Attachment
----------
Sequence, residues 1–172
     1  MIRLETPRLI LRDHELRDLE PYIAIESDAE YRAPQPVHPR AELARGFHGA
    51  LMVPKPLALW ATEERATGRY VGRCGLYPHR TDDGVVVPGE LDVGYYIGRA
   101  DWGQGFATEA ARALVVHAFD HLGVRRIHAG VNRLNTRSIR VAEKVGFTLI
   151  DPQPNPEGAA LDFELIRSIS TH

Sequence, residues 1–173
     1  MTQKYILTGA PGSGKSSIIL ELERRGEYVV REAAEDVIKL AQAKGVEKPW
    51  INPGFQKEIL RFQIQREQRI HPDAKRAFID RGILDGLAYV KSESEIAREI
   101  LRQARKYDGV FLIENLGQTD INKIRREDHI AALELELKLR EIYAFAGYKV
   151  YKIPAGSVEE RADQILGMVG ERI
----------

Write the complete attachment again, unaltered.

Sequence, residues 1–172
     1  MIRLETPRLI LRDHELRDLE PYIAIESDAE YRAPQPVHPR AELARGFHGA
    51  LMVPKPLALW ATEERATGRY VGRCGLYPHR TDDGVVVPGE LDVGYYIGRA
   101  DWGQGFATEA ARALVVHAFD HLGVRRIHAG VNRLNTRSIR VAEKVGFTLI
   151  DPQPNPEGAA LDFELIRSIS TH

Sequence, residues 1–173
     1  MTQKYILTGA PGSGKSSIIL ELERRGEYVV REAAEDVIKL AQAKGVEKPW
    51  INPGFQKEIL RFQIQREQRI HPDAKRAFID RGILDGLAYV KSESEIAREI
   101  LRQARKYDGV FLIENLGQTD INKIRREDHI AALELELKLR EIYAFAGYKV
   151  YKIPAGSVEE RADQILGMVG ERI